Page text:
dir="ltr">Over the years Indian democracy has certainly stood the test of time. Among the nations liberated after the Second World War, India has a unique record of successive elections and, stable and peaceful democracy.
Judged by four key criteria, our democracy is robust and real. Government leaders are chosen in competitive elections; all parties have the right to propagate their ideas and openly seek public support; there is peaceful transfer of power and losers are not punished by winners; and elected governments exercise real authority and are accountable to the electors. When we criticize our democracy in operation, we tend to take our blessings for granted.
Participation trends in successive elections clearly establish that our democracy is deepening. The voter turnout for State Assembly elections has shown a steady increase from 45% (1952) to 64% (1993-95). The polling percentage for Lok Sabha too is around 60%. Among countries with first-past-the-post system, this is a high rate of polling. The participation in the US is only around 50%, and even in the UK it is around 60%. Only countries with proportional representation record consistently higher voter participation. Considering the defects in our electoral rolls, this polling percentage is high. Even more heartening is the fact that the poor, illiterate and rural voters participate more earnestly than others.
Our democracy also has given space for accommodating regional diversity and various social groups. Regional parties have grown, and now occupy pride of place in many states. Various caste groups which have been historically underprivileged have now become politically powerful. Monolithic, centralized governance has given way to more genuine federalism and increasing devolution to local governments. Despite the multiplicity of parties, unity of India has been preserved. Almost all recognized political parties pursue centrist policies and practice consensual politics. This is a remarkable accomplishment in an extraordinarily diverse polity and society. As a result, in most states there is either a two-party system, or two stable alliances competing for power. Even at the Union level, a coalition culture is gaining ground, providing stability and continuity of policies, even as there is genuine clash of ideas and competition for power.
But there are many warts in our democratic system which hold us back. Political parties have become private estates, with little intra-party democracy or freedom of choice to members. Given the single-member constituencies in the first-past-the-post system, there is an oligopoly of parties operating, denying people real choice or political competition. Electoral verdicts are broadly reflective of public opinion, and there is no state-sponsored rigging. However, at the constituency level, criminal gangs, bogus voting, and illegitimate and unaccounted expenditure for vote buying play an important role. A system of compensatory errors is in place, by which the malpractices of one candidate are neutralized by those of his rival!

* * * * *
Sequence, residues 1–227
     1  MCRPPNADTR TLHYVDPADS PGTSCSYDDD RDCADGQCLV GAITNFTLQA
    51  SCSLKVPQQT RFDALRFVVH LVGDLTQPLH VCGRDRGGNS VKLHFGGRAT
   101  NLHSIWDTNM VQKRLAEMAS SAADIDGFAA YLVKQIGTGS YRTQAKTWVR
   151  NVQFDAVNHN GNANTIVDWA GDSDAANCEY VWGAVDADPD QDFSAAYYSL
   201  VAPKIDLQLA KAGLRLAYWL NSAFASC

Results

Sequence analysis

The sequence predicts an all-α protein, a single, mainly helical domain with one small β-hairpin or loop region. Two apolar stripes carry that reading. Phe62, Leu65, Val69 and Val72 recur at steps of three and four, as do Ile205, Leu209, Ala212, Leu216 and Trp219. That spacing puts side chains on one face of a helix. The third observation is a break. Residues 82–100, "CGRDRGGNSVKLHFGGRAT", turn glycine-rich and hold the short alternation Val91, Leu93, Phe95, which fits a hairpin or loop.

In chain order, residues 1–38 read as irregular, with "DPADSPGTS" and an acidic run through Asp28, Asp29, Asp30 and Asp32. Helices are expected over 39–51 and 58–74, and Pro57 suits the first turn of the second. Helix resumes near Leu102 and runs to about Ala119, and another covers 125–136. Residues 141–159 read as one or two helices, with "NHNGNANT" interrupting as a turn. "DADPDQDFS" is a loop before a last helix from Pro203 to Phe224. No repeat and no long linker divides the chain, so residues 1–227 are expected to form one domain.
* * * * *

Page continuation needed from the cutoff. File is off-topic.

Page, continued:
Vast expenditure and polling irregularities may not ensure victory; but the candidates who cannot deploy money and muscle are almost certain to lose! This forces parties to nominate only “winnable” candidates who can muster the money and muscle power required for success. The link between vote and public good is tenuous. Consequently many voters have become short-term maximisers, seeking money and liquor, or succumbing to anger, populist promises, or primordial loyalties like caste or religion. Vast amounts of money are spent illegitimately in many states; and a vicious cycle of money, political power and corruption has taken hold of our system. Integrity and competence are increasingly not compatible with political survival. Those like Manmohan Singh, Arun Jaitley, Arun Shourie and Jairam Ramesh are unelectable!
These political infirmities have distorted our priorities, and undermined our economic growth. Public education and health care are in shambles, and justice system is on the verge of collapse. States like Bihar are falling farther behind, and regional disparities are widening, posing dangers to national integration. The potential of many of our children, and that of the nation remain largely unfulfilled.
Happily, there are signs of our politicians showing welcome awareness of what needs to be done. Several recent political reforms including an excellent campaign finance law, tightening anti-defection provisions, and limiting the size of council of ministers are a testimony to the maturity of our democracy and constant improvements effected through consensus. Much more needs to be done – party democracy, some form of proportional representation, clearer separation between executive and legislature, judicial reforms, decentralization and accountability. But our society and political system have the resilience, strength and adaptability to navigate through this minefield. Two cheers to Indian democracy!